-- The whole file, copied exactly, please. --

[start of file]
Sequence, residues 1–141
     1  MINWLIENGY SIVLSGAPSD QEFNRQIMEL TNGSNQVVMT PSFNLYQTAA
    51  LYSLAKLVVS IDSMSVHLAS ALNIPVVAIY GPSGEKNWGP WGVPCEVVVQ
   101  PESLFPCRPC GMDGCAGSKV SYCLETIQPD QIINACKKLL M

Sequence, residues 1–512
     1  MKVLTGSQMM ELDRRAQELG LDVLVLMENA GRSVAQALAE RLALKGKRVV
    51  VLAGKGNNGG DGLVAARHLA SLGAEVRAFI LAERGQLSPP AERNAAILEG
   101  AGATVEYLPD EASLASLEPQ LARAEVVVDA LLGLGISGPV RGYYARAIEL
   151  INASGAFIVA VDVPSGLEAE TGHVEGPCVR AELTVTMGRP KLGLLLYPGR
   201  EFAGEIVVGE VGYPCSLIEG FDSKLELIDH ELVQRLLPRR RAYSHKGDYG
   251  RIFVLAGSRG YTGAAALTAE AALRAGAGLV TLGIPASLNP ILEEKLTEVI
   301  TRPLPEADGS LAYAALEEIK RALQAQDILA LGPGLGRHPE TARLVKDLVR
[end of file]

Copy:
Sequence, residues 1–141
     1  MINWLIENGY SIVLSGAPSD QEFNRQIMEL TNGSNQVVMT PSFNLYQTAA
    51  LYSLAKLVVS IDSMSVHLAS ALNIPVVAIY GPSGEKNWGP WGVPCEVVVQ
   101  PESLFPCRPC GMDGCAGSKV SYCLETIQPD QIINACKKLL M

Sequence, residues 1–512
     1  MKVLTGSQMM ELDRRAQELG LDVLVLMENA GRSVAQALAE RLALKGKRVV
    51  VLAGKGNNGG DGLVAARHLA SLGAEVRAFI LAERGQLSPP AERNAAILEG
   101  AGATVEYLPD EASLASLEPQ LARAEVVVDA LLGLGISGPV RGYYARAIEL
   151  INASGAFIVA VDVPSGLEAE TGHVEGPCVR AELTVTMGRP KLGLLLYPGR
   201  EFAGEIVVGE VGYPCSLIEG FDSKLELIDH ELVQRLLPRR RAYSHKGDYG
   251  RIFVLAGSRG YTGAAALTAE AALRAGAGLV TLGIPASLNP ILEEKLTEVI
   301  TRPLPEADGS LAYAALEEIK RALQAQDILA LGPGLGRHPE TARLVKDLVR